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Ms. Melinda's Dance Studio

Melinda Tamm
Ms. Melinda's Dance Studio

Class of 2012

In 2012, nominators commended Melinda Tamm for her impact on youth. She also was a Sertoma leader and a volunteer at Quiet Oaks Hospice House.

What are you doing now?

Owner of Ms. Melinda's Dance Studio, Waite Park.

How did the 5 Under 40 award affect your life?

The 5 Under 40 award brought awareness to our community of my studio and its vision and culture.

Other big changes since you received the award?

We are now celebrating our 10th year in business. I am also in the development stages for the future site and building for Ms. Melinda's, which will open in the summer of 2017. This future site will be able to provide space for more of our youth in the community.

What will make the St. Cloud area greater in coming years?

I am excited to see the community's future so bright because of the work ethic, self-confidence and achievement of the students of Ms. Melinda's Dance Studio and their willingness to pass it forward to others with kindness and leadership skills.

2012 Interview

Originally ran: January 6, 2013

Melinda Tamm got a late start in organized dance. She was 6.

That's about twice the average age of beginners today, and even then — in the late 1980s — her motivation was largely to follow her sister. Now 32, Tamm (formerly Melinda Brockopp) is still choreographing her way through life.

Originally from Sartell, she danced in high school and then in college tried out with the Minnesota Vikings cheerleading squad. She beat out hundreds of hopefuls and made the team for the 2000 and 2001 seasons. She later went on to work as a choreographer for the NFL. She launched her own studio in 2006 and now has 19 employees. Her curriculum is focused on etiquette and education and includes the motto "Dreams begin with a dance."

What influential factor led you to your current career?

"The passion of dance was No. 1. But I grew up with family members who owned businesses and I saw their joys and heartaches and learned what that feeling of growth and pride was like, to say, 'I did this myself.' I look at how my grandfather ran his hardware business in Alexandria and that taught me to say, 'I can do this.' I have that entrepreneurial soul ... but the passion for the kids and for dance is what it is. You get to be with them a big part of your life — once a week, some of the girls are here 3-4 hours a week – you get to see them grow year after year. I want to be involved and help build that small part of their life and prepare them for the future ... I have a mindset for choreography. When I listen to a song, some people might just hear the words, but I'm seeing colors and movement. That's how my brain works."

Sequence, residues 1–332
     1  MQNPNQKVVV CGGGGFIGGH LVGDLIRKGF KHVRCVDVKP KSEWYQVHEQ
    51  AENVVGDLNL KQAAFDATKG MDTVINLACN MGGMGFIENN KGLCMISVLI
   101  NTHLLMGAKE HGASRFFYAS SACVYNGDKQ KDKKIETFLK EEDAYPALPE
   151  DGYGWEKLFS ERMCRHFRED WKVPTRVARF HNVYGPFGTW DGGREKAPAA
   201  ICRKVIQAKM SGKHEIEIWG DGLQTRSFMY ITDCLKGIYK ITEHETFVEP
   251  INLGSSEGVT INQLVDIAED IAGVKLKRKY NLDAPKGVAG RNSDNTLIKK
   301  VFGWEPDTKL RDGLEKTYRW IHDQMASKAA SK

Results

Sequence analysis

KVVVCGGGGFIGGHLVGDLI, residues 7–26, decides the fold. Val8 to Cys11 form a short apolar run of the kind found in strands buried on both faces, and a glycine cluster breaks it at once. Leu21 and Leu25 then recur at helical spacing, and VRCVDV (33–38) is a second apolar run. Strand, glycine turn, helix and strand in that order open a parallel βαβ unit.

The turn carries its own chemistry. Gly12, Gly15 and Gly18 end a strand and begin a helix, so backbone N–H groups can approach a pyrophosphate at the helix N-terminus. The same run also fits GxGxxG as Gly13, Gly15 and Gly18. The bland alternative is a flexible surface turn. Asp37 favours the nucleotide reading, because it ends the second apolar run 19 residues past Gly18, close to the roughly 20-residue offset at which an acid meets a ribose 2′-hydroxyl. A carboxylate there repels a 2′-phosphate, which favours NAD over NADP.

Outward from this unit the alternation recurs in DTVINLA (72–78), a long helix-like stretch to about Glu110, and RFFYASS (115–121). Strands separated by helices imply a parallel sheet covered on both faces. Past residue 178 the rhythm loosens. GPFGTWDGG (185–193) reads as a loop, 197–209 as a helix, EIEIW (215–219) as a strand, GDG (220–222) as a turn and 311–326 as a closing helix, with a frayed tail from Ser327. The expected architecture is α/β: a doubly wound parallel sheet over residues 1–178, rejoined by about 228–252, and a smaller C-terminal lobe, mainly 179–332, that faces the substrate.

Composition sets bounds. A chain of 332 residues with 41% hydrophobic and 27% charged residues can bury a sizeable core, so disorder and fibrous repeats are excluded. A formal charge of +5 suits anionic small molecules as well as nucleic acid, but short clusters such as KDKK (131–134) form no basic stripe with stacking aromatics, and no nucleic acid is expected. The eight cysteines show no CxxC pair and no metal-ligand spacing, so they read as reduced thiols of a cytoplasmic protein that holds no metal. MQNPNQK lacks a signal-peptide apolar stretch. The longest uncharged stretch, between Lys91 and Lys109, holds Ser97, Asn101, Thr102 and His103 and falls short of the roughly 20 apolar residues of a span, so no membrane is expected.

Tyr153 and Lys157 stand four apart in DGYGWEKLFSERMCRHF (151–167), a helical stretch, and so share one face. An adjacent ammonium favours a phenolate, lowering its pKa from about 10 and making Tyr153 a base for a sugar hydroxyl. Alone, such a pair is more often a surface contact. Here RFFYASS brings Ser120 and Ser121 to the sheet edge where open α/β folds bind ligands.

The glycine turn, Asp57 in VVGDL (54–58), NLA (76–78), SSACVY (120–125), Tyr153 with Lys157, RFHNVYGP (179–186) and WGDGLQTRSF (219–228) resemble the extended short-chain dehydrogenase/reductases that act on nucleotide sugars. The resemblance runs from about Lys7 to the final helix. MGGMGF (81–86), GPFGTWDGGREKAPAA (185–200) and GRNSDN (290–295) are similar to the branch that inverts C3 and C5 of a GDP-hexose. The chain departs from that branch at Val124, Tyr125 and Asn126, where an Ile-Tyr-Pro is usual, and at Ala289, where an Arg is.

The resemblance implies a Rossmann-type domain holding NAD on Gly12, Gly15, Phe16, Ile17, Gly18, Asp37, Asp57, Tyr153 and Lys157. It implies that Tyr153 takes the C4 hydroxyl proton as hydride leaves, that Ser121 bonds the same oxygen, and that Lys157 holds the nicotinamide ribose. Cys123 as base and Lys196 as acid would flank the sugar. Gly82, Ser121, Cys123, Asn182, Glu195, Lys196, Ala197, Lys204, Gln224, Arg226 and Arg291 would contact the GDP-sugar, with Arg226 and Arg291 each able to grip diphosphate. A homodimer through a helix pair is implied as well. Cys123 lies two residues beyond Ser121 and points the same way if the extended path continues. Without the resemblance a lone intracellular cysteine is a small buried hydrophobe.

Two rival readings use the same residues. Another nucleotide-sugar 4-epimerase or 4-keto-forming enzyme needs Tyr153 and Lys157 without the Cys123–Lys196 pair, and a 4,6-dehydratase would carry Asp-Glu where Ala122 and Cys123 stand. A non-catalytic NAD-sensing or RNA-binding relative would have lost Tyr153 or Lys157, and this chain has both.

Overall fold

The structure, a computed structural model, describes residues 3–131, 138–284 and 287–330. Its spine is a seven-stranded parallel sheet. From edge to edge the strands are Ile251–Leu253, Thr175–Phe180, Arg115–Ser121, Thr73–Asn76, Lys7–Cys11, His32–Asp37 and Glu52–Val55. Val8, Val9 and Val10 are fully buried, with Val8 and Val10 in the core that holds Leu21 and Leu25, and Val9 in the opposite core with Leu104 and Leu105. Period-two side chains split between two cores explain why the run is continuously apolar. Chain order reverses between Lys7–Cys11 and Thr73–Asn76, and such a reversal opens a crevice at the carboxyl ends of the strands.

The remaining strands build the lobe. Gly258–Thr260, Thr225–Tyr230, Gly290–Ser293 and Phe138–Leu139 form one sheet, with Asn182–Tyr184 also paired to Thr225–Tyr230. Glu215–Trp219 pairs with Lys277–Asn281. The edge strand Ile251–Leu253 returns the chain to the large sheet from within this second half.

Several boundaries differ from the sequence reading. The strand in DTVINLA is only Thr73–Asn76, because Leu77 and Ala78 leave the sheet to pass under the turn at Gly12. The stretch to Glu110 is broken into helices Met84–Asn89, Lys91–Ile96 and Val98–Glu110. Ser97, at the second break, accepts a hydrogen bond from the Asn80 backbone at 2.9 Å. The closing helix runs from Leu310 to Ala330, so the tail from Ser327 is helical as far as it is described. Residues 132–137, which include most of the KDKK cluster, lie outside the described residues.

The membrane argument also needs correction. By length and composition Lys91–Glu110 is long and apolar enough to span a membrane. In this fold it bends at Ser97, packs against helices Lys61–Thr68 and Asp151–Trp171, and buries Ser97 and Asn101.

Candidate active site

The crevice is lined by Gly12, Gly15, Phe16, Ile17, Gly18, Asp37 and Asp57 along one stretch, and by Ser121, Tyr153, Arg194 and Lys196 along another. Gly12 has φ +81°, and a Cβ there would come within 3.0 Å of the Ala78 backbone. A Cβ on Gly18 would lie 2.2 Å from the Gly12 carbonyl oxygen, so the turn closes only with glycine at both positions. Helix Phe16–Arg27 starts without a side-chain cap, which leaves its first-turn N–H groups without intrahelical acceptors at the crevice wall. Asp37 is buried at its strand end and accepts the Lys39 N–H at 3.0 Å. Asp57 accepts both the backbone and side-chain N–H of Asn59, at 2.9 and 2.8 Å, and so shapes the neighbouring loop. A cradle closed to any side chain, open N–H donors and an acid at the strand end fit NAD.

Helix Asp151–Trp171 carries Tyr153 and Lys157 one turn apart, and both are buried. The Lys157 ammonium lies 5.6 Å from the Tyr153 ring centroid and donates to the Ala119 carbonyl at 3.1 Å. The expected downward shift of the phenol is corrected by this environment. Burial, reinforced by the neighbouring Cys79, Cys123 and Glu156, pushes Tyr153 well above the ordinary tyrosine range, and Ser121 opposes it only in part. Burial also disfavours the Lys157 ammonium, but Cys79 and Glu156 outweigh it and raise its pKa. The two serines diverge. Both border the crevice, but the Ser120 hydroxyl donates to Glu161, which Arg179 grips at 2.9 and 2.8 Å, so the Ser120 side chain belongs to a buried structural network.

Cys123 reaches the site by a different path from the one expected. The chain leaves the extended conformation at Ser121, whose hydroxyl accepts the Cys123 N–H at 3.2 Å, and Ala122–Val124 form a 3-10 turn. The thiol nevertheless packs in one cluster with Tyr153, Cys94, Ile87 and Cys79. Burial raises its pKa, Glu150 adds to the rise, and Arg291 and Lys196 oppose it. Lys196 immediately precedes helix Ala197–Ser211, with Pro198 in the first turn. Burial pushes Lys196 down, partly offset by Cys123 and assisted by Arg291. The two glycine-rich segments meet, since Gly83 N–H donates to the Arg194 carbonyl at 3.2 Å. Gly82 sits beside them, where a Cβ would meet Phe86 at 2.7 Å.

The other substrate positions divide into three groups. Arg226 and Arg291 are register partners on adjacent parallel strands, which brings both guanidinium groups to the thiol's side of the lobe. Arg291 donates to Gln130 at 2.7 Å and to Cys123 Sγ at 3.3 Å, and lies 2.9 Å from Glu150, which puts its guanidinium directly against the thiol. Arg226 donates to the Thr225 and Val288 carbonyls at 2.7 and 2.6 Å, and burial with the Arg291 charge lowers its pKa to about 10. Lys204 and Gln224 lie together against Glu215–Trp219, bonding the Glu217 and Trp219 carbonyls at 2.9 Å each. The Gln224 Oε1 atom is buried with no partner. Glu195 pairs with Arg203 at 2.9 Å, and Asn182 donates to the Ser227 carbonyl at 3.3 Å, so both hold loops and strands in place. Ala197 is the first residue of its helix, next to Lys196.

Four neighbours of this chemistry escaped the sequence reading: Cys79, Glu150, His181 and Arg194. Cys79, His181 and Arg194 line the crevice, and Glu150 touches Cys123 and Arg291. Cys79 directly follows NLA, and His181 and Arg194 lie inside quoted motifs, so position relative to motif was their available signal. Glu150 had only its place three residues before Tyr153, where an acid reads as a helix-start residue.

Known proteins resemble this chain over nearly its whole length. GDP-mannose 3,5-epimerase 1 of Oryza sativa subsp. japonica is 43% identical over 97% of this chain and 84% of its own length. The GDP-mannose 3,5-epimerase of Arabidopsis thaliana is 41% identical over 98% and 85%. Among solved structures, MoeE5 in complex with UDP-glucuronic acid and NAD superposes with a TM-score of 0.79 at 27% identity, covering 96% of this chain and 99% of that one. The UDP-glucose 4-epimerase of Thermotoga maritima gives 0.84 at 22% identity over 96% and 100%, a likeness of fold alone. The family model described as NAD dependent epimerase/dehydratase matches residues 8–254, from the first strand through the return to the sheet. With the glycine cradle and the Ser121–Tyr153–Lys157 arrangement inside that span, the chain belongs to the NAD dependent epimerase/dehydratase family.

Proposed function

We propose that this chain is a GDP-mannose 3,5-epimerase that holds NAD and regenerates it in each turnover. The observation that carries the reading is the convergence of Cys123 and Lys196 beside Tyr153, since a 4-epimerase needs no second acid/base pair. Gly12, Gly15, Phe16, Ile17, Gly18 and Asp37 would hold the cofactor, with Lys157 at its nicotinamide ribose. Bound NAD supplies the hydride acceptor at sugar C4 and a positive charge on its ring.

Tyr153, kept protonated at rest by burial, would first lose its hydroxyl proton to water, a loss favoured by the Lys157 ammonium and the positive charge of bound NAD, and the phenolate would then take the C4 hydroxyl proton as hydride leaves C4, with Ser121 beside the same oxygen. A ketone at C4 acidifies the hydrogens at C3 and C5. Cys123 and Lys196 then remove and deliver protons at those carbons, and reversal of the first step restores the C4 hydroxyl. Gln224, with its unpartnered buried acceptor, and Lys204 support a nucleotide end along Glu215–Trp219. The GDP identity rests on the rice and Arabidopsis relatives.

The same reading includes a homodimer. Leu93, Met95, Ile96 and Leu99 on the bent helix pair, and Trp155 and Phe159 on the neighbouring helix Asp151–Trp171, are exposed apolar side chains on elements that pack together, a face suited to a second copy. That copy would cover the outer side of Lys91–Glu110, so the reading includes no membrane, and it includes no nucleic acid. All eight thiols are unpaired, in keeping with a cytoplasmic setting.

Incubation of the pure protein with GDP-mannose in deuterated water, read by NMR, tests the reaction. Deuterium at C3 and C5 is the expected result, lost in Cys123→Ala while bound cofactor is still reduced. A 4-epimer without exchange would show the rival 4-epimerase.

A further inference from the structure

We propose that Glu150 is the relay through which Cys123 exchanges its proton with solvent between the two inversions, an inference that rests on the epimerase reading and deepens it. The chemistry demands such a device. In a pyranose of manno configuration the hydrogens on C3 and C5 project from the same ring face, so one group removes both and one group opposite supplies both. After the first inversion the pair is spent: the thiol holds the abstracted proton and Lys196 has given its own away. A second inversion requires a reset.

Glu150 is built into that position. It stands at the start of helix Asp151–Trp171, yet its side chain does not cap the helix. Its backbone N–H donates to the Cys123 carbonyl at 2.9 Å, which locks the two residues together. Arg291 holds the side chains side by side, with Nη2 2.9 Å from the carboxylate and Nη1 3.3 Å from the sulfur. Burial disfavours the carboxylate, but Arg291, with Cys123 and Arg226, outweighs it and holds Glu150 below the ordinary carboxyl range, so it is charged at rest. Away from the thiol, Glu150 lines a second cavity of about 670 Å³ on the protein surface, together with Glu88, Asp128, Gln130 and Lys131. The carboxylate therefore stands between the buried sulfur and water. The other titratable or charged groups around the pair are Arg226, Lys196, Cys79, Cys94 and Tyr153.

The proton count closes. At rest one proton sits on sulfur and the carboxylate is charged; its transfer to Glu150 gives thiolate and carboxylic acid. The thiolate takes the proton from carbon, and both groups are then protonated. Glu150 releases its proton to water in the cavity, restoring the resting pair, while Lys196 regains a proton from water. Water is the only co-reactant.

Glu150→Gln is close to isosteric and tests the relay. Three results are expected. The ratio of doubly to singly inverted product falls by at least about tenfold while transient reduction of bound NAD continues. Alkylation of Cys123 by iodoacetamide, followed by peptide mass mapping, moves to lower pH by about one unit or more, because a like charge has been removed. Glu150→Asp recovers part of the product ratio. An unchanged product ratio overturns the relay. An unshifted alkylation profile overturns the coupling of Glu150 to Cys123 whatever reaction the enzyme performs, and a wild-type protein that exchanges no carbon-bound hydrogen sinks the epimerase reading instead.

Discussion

What's the best part of your work day?

"The best part is working with the kids and seeing their accomplishments. You'll go into a classroom and I'll see girls — and some guys, too, but mostly girls — that you want to push. You see them come in and maybe they're having a bad day. Then they just nail the dance and that look on their face or the hugs after class are the No. 1 thing ... some of these kids who are younger and they do a really hard move, the excitement on their faces is so pure. I was in a business before where it was all adult interaction and people would be like 'Oh, cool, I did it.' At a young age, though, you can see that light in their eyes that's so rewarding ... They're just adorable ... this is a small part of their life but hopefully it's something they can look back on and say, 'Wow, I learned a lot about myself.' That helps me, because it's a business and it's a long day. I don't just work 8 a.m. to 6 p.m. I get here at 9 or 10 in the morning and do the whole business aspect. Then at 3, I have to change and put on my dance shoes and be a teacher and choreographer on top of being a business owner."